Brown is a founding partner of The CPA Solution, which specializes in fraud detection and prevention, and forensic accounting. He said the risk signs can be obvious but also easily overlooked by trusting employers and/or co-workers.

The average embezzler is white and middle-aged with no criminal history, according to a profile prepared by Christopher T. Marquet, an international consultant on fraud, in a 2013 report. Women were more likely than men to embezzle, and embezzlers most likely held financial positions within an organization or were entrusted with the finances of other people, he found.

As identified by criminologist Donald Cressey, the telltale signs of an embezzler include: a real or perceived financial need; a rationalization for taking the money with the intent of paying it back; and a lack of oversight or internal control over the person controlling the funds.

Former Westbrook tax collector Ann Marie Williams, 53, of Falmouth exhibited all of the risk signs, but apparently no one recognized them until it was too late. Last month, she completed a six-month sentence in federal prison for stealing $118,000 from the city.

She attributed her actions to post-traumatic stress disorder; physical and emotional abuse by her now ex-husband over the course of their marriage; the financial and emotional demands of single parenthood; and guilt and “depression due to a misplaced sense of responsibility for the dysfunction that befell her and her children after the divorce.”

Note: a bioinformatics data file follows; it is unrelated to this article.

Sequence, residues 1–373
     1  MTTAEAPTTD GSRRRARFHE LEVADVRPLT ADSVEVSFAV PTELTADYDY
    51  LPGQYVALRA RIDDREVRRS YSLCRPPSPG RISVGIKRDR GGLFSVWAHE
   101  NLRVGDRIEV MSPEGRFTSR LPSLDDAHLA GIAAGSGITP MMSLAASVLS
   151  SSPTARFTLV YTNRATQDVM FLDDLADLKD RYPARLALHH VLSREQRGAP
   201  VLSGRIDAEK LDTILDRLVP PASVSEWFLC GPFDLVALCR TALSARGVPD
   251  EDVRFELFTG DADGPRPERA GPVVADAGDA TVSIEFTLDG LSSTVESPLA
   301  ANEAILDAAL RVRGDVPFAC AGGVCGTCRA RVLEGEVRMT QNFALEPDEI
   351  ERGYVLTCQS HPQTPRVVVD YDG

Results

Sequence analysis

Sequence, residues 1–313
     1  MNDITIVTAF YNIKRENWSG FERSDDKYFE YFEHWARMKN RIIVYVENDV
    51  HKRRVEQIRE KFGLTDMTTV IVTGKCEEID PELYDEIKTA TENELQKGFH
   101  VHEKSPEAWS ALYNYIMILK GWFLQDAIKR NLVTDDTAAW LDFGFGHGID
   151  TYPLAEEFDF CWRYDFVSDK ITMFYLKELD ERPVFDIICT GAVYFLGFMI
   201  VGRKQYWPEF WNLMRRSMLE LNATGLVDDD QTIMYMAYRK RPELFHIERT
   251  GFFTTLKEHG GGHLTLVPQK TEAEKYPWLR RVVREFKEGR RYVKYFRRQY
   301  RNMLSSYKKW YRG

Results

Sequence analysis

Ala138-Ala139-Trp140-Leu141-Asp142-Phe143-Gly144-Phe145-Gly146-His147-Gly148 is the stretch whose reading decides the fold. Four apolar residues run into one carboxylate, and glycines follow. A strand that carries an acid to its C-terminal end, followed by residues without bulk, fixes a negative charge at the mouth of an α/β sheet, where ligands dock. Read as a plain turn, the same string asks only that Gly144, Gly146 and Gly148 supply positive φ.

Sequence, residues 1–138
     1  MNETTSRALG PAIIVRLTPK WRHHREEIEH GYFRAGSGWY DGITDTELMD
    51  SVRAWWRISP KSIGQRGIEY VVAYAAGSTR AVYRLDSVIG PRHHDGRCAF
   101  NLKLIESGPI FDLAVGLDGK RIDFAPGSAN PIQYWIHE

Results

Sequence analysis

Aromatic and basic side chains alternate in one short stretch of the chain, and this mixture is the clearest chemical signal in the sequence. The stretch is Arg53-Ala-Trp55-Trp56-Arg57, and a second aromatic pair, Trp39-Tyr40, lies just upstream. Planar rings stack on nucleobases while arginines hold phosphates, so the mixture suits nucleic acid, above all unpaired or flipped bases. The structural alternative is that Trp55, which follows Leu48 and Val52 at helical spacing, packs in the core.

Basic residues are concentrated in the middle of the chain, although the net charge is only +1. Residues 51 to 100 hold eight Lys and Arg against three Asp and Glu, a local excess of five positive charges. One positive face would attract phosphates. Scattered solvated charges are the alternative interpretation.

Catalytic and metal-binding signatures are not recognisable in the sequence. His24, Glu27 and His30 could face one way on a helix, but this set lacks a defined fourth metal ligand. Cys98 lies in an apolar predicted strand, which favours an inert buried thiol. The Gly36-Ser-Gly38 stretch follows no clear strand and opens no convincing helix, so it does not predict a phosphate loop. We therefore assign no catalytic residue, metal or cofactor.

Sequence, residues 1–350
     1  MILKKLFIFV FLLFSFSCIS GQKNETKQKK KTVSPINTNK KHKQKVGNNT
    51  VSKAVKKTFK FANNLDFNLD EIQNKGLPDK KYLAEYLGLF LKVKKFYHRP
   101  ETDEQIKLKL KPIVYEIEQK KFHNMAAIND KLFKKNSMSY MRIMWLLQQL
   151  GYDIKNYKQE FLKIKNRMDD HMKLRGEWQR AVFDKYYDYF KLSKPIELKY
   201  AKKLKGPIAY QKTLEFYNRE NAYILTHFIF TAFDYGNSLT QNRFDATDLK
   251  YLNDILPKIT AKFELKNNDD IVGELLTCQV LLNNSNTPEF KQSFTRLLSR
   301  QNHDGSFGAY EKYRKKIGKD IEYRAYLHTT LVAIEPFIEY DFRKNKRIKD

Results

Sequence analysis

Williams admitted last year in U.S. District Court in Portland to skimming cash deposits from Westbrook. She told investigators that when she first took the money, her intent was to repay it. Her thefts took place between July 2015 and April 2016, according to court documents.

At her sentencing, Williams offered some insight into the mind of an embezzler, according to a transcript of her formal statement to the court.

“My heart is broken,” she said. “I’ve hurt my children that I love the most. I gave them things that I thought that they needed when they only needed me. I will spend the rest of my life making sure that they know that I’m there for them and that they don’t need things.”

Williams also told U.S. District Judge D. Brock Hornby that she deeply regretted her actions.

“My words cannot begin to express the emotions that I feel or the pain that I have caused. The fact that I abused that trust of so many good people, that will haunt me every single day.”

Assistant Attorney General Leanne Robbin, who prosecutes embezzlers in state court, said that the majority of defendants steal out of “greed and a sense of entitlement.”

“In my experience, a majority of embezzlers are just people living beyond their means who feel they are entitled to the money because they aren’t paid enough or appreciated enough,” she said. “Their rationalization for taking the money trumps any sense of wrongdoing or the possibility that they could be prosecuted.”

Most people charged with some form of embezzlement in Maine over the past five years worked for municipal governments, banks or credit unions, nonprofit organizations, physicians or agencies that receive state or federal funds, according to media reports. Others prosecuted were accused of financial elder abuse.

The higher-profile cases include former Belfast attorney William L. Dawson Jr., 63, who pleaded guilty to looting nearly $500,000 from the bank accounts of two elderly clients. Gov. Paul LePage commuted his sentence in May after Dawson had served about a year in prison.

Julie A. Smith, 58, of Skowhegan, a former clerk at the Somerset County district attorney’s office, was sentenced in August 2016 for stealing more than $90,000 intended to reimburse crime victims.